Big (and not so big) changes to Australian class actions and regulation of litigation funders could be on the way

25 Jan 2019
All players in the class actions market will be affected if the recommendations in the Australian Law Reform Commission report, Integrity, Fairness and Efficiency—An Inquiry into Class Action Proceedings and Third-Party Litigation Funders, released publicly yesterday, are adopted. Given that more consultation will be undertaken in the next few months, it is important for interested parties to carefully consider the recommendations and engage in the Government's consultation process.

How the ALRC has approached the class action regime

The ALRC said that the Terms of Reference required consideration of two overarching issues of the class action regime: the integrity of third-party funded class actions and the efficacy of the class action system. According to the ALRC its recommendations aim to promote fairness and efficiency in class action proceedings; protect litigants from disproportionate costs; and assure the integrity of the civil justice system.

The ALRC's recommendations

The ALRC Report makes 24 recommendations directed at changes to the Federal class actions regime and the regulation and charging models of litigation funders and lawyers involved in bringing class actions. The Recommendations span:

  • case management;
  • settlement approval regulation of litigation funders;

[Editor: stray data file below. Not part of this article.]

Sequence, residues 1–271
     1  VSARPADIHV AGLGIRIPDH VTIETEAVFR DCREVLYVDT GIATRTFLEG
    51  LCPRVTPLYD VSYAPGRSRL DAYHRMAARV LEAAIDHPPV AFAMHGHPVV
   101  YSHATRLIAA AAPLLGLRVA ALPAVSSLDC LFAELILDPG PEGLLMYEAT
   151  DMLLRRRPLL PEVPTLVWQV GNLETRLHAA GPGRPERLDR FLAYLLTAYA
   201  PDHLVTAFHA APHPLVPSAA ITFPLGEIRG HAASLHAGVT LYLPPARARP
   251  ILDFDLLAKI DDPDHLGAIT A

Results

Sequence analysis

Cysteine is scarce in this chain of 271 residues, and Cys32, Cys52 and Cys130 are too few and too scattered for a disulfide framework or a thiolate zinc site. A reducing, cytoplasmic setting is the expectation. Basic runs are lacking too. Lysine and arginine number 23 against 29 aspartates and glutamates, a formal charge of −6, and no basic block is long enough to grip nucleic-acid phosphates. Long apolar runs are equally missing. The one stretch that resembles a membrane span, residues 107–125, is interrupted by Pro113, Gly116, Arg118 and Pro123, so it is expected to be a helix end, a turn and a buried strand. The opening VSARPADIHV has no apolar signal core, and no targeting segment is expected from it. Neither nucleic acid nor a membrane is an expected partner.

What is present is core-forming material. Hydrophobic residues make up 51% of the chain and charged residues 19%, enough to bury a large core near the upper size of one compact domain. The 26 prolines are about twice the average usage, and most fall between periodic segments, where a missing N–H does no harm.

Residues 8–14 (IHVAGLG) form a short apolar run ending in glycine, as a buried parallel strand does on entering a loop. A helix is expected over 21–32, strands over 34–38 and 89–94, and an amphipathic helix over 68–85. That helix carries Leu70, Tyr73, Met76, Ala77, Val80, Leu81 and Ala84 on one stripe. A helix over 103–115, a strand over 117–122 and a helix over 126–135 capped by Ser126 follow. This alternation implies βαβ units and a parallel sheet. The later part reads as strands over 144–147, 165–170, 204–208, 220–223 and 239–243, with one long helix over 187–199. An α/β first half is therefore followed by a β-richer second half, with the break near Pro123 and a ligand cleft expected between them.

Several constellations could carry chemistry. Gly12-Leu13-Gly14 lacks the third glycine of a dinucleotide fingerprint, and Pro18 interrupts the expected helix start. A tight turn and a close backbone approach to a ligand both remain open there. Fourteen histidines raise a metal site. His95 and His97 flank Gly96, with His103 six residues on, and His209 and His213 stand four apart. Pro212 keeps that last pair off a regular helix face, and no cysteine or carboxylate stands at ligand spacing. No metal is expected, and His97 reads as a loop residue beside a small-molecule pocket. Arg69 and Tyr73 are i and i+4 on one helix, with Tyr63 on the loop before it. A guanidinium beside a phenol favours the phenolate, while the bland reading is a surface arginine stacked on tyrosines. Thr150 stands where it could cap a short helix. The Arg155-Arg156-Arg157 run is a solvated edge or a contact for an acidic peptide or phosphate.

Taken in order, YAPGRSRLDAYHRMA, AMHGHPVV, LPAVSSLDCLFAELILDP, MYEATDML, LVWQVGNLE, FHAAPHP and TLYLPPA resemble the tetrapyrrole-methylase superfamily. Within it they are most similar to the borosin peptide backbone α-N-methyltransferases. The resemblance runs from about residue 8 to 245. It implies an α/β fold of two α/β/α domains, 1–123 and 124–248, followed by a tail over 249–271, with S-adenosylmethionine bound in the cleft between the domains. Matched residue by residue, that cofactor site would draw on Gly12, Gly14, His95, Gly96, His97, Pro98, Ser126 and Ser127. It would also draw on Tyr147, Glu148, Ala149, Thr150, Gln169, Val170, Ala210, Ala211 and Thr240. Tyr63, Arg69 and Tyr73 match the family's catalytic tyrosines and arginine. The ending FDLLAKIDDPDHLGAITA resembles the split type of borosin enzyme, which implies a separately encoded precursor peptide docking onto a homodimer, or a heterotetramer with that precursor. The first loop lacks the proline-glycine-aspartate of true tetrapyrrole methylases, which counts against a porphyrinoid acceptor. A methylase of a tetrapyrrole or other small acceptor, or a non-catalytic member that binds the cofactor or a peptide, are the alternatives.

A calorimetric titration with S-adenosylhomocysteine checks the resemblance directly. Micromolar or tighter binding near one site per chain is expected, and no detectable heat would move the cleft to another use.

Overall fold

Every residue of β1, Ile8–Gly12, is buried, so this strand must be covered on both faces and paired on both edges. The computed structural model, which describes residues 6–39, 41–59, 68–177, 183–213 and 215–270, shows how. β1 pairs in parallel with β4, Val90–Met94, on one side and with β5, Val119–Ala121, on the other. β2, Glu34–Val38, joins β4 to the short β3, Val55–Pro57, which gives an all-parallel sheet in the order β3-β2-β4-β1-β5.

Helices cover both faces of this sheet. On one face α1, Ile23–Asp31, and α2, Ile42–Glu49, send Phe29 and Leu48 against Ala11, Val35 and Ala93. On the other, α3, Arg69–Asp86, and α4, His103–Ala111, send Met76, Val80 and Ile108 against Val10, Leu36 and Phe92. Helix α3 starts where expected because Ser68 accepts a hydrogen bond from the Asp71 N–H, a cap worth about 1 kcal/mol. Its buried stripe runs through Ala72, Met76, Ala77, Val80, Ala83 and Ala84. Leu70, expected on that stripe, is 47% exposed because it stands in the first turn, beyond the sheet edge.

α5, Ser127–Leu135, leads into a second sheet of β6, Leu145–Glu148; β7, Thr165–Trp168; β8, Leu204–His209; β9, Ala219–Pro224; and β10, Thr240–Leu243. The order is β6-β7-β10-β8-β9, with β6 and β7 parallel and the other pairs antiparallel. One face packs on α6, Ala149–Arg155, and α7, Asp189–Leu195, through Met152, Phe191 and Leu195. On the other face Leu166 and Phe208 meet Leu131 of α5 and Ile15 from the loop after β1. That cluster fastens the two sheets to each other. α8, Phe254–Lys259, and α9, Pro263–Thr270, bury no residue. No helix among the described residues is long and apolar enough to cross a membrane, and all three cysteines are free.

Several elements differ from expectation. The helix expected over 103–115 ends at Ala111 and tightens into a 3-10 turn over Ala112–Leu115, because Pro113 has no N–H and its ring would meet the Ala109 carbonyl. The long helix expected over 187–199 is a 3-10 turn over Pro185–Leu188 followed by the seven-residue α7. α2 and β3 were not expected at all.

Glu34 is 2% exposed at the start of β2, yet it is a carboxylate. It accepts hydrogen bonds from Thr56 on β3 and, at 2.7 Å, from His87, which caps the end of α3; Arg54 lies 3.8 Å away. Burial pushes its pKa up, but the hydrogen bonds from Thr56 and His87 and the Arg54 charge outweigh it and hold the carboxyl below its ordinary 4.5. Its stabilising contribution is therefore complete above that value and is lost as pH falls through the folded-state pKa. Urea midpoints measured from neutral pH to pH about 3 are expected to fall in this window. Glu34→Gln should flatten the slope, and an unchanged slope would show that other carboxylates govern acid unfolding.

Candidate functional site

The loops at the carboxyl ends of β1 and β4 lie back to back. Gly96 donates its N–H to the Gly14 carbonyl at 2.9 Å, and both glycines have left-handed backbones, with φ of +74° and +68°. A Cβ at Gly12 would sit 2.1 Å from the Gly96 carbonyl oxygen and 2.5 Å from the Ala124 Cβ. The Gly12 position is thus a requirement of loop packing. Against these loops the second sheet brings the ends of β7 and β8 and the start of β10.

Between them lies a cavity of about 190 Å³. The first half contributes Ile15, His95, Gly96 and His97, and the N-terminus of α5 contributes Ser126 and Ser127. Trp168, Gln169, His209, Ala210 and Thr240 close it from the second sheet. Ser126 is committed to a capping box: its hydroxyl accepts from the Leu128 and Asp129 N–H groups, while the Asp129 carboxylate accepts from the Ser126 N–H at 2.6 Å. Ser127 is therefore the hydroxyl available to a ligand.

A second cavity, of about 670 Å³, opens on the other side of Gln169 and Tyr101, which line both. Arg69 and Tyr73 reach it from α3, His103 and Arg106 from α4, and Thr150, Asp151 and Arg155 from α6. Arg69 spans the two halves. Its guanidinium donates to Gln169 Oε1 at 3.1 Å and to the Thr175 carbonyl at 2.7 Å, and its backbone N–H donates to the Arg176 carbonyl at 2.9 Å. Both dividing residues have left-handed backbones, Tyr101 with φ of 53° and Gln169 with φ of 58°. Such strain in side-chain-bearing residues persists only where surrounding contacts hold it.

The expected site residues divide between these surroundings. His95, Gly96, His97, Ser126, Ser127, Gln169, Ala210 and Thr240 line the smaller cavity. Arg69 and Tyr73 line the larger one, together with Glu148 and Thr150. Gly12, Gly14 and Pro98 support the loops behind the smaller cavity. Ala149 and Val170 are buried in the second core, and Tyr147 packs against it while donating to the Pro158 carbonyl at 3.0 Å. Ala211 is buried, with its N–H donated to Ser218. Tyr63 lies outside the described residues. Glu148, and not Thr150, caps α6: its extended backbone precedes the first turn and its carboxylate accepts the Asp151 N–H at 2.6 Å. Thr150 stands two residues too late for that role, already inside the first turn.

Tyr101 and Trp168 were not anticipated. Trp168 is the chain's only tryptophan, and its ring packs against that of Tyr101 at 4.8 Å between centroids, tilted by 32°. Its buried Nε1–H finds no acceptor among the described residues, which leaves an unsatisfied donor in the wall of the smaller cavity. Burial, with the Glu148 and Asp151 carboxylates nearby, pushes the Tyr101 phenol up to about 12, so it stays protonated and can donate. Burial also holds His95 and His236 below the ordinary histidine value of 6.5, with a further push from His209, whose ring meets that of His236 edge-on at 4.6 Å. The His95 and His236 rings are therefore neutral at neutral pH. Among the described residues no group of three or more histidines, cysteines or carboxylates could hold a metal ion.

• solicitors' fees and conflicts of interest;
  • regulatory redress; and
  • a review of substantive law.

Predictably, the key recommendations closely track the hot topics that have consumed significant Court and party resources in recent times – for example, proposals to give the Court express power to make common fund orders, vary third-party litigation funding agreements and resolve competing class actions.

Further areas of interest include proposals to more closely regulate third-party litigation funders, better manage conflicts of interests between lawyers, funders and those they represent and a significant but still limited change to permit plaintiff class action lawyers to enter into currently prohibited contingency (or percentage-based) fee agreements.

Shareholder class actions – more investigation needed

The ALRC Report also takes the next small step in responding to concerns from the Australian business community about how Australia's demanding continuous disclosure laws have been utilised by the class actions industry.

It's recommending a Government review of the legal and economic impact of the operation, enforcement and effect of federal statutory continuous disclosure obligations and those relating to misleading and deceptive conduct, noting the need for further investigation of how the laws for shareholder class actions and the class action regime interact. This sits alongside an interesting case management recommendation that the Federal Court have exclusive jurisdiction with respect to class actions arising under relevant parts of the Corporations Act 2001 (Cth) and ASIC Act 2001 (Cth).

The nest steps in (possible) class actions reform

Attorney-General Christian Porter welcomed the report and noted that he expected it to "stimulate debate amongst consumer advocates, the legal profession, the business sector, and across the wider community". He plans to hold stakeholder meetings over coming months to "stress test" the report's recommendations.

We will be reviewing the detail of the recommendations and are happy to assist you to consider the possible impact of the proposals on your business.

Clayton Utz communications are intended to provide commentary and general information. They should not be relied upon as legal advice. Formal legal advice should be sought in particular transactions or on matters of interest arising from this communication. Persons listed may not be admitted in all States and Territories.